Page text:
The Bodleian First Folio

A digital facsimile of the First Folio of Shakespeare's plays, Bodleian Arch. G c.7.



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Reference: p5v - Histories, p. 162

Left Column


The third Part of King Henry the Sixt. Where hauing nothing, nothing can he lose. And as for you your selfe (our quondam Queene)
[1765]
You haue a Father able to maintaine you, And better 'twere, you troubled him, then France.
Mar. Peace impudent, and shamelesse Warwicke, Proud setter vp, and puller downe of Kings, I will not hence, till with my Talke and Teares
[1770]
(Both full of Truth) I make King Lewis behold Thy slye conueyance, and thy Lords false loue, Post blowing a horne Within. For both of you are Birds of selfe‑same Feather.
Lewis. Warwicke, this is some poste to vs, or thee. Enter the Poste. Post. My Lord Ambassador,
[1775]
These Letters are for you. Speakes to Warwick, Sent from your Brother Marquesse Montague. These from our King, vnto your Maiesty. To Lewis. And Madam, these for you: To Margaret From whom, I know not.
They all reade their Letters. Oxf.
[1780]
I like it well, that our faire Queene and Mistris Smiles at her newes, while Warwicke frownes at his.
Prince Ed.

Nay marke how Lewis stampes as he were

I netled. I hope, all's for the best.

Lew. Warwicke, what are thy Newes ?
[1785]
And yours, faire Queene.
Mar. Mine such, as fill my heart with vnhop'd ioyes. War. Mine full of sorrow, and hearts discontent. Lew. What? has your King married the Lady Grey? And now to sooth your Forgery, and his,
[1790]
Sends me a Paper to perswade me Patience? Is this th'Alliance that he seekes with France? Dare he presume to scorne vs in this manner?
Mar. I told your Maiesty as much before: This proueth Edwards Loue, and Warwickes honesty. War.
[1795]
King Lewis, I heere protest in sight of heauen, And by the hope I haue of heauenly blisse, That I am cleere from this misdeed of Edwards; No more my King, for he dishonors me, But most himselfe, if he could see his shame.
[1800]
Did I forget, that by the House of Yorke My Father came vntimely to his death? Did I let passe th'abuse done to my Neece? Did I impale him with the Regall Crowne ? Did I put Henry from his Natiue Right?
[1805]
And am I guerdon'd at the last, with Shame? Shame on himselfe, for my Desert is Honor. And to repaire my Honor lost for him, I heere renounce him, and returne to Henry. My Noble Queene, let former grudges passe,
[1810]
And henceforth, I am thy true Seruitour: I will reuenge his wrong to Lady Bona, And replant Henry in his former state.
Mar. Warwicke, These words haue turn'd my Hate, to Loue,
[1815]
And I forgiue, and quite forget old faults, And ioy that thou becom'st King Henries Friend.
War. So much his Friend, I, his vnfained Friend, That if King Lewis vouchsafe to furnish vs With some few Bands of chosen Soldiours,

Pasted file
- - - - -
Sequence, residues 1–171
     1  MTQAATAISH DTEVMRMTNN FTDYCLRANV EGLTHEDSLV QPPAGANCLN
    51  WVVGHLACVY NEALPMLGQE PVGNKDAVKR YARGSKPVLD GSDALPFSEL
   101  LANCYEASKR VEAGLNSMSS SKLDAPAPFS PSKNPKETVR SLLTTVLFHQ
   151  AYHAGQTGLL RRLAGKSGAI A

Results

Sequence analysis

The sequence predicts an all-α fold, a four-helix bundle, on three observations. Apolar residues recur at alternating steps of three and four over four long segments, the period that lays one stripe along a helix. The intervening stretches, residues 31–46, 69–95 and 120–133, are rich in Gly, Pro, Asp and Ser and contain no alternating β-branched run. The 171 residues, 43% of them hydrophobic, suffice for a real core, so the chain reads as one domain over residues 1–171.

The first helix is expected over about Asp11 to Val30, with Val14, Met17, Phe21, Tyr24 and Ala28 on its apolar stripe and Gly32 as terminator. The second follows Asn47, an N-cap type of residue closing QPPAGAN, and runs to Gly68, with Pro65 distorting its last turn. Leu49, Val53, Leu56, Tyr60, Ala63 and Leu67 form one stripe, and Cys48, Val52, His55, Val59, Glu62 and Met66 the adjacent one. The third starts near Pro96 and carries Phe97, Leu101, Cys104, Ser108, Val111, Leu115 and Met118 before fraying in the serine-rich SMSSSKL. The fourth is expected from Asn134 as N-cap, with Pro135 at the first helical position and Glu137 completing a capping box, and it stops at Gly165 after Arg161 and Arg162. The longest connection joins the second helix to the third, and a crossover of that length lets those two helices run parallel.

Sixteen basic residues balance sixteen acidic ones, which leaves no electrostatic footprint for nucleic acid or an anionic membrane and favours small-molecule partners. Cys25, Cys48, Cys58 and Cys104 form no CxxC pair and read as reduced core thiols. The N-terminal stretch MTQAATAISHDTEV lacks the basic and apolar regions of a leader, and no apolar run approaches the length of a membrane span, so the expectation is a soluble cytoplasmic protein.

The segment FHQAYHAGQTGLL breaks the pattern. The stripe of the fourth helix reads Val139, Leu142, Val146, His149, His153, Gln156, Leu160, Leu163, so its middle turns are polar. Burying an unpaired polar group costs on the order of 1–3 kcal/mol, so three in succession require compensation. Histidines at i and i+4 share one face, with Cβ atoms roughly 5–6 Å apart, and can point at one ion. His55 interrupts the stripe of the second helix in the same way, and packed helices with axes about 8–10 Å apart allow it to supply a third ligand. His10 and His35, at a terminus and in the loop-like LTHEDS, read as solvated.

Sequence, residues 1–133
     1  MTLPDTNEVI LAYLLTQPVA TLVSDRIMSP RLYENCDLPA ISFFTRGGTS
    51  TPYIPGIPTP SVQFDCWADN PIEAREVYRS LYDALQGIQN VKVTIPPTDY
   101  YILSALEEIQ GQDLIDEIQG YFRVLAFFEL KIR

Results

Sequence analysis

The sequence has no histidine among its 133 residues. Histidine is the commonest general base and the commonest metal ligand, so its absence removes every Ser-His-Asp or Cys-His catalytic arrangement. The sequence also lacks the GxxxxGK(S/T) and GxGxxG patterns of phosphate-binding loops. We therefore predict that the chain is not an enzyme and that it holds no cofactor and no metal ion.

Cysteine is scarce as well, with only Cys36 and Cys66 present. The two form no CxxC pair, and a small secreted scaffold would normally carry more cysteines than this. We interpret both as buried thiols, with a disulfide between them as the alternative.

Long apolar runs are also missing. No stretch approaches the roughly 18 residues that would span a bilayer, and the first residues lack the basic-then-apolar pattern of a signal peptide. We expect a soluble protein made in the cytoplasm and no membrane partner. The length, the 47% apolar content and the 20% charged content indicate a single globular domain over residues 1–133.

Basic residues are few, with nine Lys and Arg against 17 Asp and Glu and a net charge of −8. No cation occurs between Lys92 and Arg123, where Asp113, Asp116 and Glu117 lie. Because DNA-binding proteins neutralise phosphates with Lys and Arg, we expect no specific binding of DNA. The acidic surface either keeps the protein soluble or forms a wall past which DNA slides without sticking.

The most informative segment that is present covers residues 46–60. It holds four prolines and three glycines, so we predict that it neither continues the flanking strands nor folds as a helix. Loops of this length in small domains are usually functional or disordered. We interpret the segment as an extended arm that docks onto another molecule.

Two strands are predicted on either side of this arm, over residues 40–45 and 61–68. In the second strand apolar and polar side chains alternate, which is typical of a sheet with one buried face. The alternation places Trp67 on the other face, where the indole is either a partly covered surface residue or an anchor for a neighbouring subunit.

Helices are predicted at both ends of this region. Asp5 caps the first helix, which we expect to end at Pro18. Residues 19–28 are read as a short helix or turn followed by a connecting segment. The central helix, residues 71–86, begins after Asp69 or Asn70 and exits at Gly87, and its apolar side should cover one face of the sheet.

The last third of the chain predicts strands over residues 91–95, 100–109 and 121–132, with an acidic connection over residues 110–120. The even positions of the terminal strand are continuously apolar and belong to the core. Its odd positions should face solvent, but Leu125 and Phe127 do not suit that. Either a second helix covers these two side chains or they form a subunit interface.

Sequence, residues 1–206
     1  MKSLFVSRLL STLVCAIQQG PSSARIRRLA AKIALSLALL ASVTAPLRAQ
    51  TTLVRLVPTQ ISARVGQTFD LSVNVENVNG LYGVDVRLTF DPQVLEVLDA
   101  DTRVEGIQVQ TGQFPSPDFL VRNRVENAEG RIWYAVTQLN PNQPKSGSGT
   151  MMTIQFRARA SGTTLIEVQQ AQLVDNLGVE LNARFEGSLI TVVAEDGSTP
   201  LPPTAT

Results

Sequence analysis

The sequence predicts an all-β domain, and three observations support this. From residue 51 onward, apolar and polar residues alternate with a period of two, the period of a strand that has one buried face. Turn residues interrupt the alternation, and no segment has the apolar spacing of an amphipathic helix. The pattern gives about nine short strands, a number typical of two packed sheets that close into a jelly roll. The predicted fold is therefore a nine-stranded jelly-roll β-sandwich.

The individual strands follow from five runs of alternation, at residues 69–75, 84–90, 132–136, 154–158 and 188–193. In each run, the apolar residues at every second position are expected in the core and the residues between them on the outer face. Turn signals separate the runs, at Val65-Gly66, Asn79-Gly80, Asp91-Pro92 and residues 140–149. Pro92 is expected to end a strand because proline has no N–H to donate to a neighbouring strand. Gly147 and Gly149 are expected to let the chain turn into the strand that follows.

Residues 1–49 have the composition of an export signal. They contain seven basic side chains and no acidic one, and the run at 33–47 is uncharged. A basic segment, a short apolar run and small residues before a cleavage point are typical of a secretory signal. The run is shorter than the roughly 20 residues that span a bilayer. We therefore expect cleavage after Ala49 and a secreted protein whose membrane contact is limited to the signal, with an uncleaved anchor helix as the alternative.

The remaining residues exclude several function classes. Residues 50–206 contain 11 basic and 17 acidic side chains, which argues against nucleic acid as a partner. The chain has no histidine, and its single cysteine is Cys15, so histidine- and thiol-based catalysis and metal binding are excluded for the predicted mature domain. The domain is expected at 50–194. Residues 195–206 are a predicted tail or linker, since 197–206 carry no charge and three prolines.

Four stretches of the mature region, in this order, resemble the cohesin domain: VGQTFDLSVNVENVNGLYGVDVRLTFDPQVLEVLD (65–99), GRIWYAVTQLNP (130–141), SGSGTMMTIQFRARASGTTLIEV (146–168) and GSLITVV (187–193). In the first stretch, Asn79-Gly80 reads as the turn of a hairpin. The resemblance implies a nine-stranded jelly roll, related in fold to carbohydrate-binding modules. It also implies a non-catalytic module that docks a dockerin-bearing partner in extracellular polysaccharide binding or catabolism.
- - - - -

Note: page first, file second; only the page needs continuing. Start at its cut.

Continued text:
[1820]
Ile vndertake to Land them on our Coast, And force the Tyrant from his seat by Warre. 'Tis not his new‑made Bride shall succour him. And as for Clarence, as my Letters tell me, Hee's very likely now to fall from him,
[1825]
For matching more for wanton Lust, then Honor,

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Right Column


Or then for strength and safety of our Country. Bona. Deere Brother, how shall Bona be reueng'd, But by thy helpe to this distressed Queene? Mar. Renowned Prince, how shall Poore Henry liue,
[1830]
Vnlesse thou rescue him from foule dispaire?
Bona. My quarrel, and this English Queens, are one. War. And mine faire Lady Bona, ioynes with yours. Lew. And mine, with hers, and thine, and Margarets. Therefore, at last, I firmely am resolu'd
[1835]
You shall haue ayde.
Mar. Let me giue humble thankes for all, at once. Lew. Then Englands Messenger, returne in Poste, And tell false Edward, thy supposed King, That Lewis of France, is sending ouer Maskers
[1840]
To reuell it with him, and his new Bride. Thou seest what's past, go feare thy King withall.
Bona. Tell him, in hope hee'l proue a widower shortly, I weare the Willow Garland for his sake. Mar. Tell him, my mourning weeds are layde aside,
[1845]
And I am ready to put Armor on.
War. Tell him from me, that he hath done me wrong, And therefore Ile vn‑Crowne him, er't be long. There's thy reward, be gone. Exit Post. Lew. But Warwicke,
[1850]
Thou and Oxford, with fiue thousand men Shall crosse the Seas, and bid false Edward battaile: And as occasion serues, this Noble Queen And Prince, shall follow with a fresh Supply. Yet ere thou go, but answer me one doubt:
[1855]
What Pledge haue we of thy firme Loyalty?
War. This shall assure my constant Loyalty, That if our Queene, and this young Prince agree, Ile ioyne mine eldest daughter, and my Ioy, To him forthwith, in holy Wedlocke bands. Mar.
[1860]
Yes, I agree, and thanke you for your Motion. Sonne Edward, she is Faire and Vertuous, Therefore delay not, giue thy hand to Warwicke, And with thy hand, thy faith irreuocable, That onely Warwickes daughter shall be thine.
Prin. Ed.
[1865]
Yes, I accept her, for she well deserues it, And heere to pledge my Vow, I giue my hand.
He giues his hand to Warw. Lew. Why stay we now? These soldiers shalbe leuied, And thou Lord Bourbon, our High Admirall Shall waft them ouer with our Royall Fleete.
[1870]
I long till Edward fall by Warres mischance, For mocking Marriage with a Dame of France.
Exeunt. Manet Warwicke. War. I came from Edward as Ambassador, But I returne his sworne and mortall Foe: Matter of Marriage was the charge he gaue me,
[1875]
But dreadfull Warre shall answer his demand. Had he none else to make a stale but me? Then none but I, shall turne his Iest to Sorrow. I was the Cheefe that rais'd him to the Crowne, And Ile be Cheefe to bring him downe againe:
[1880]
Not that I pitty Henries misery, But seeke Reuenge on Edwards mockery.
Exit.
[Act 4, Scene 1] Enter Richard, Clarence, Somerset, and Mountague. Rich. Now tell me Brother Clarence, what thinke you Of this new Marriage with the Lady Gray? Hath not our Brother made a worthy choice? Cla.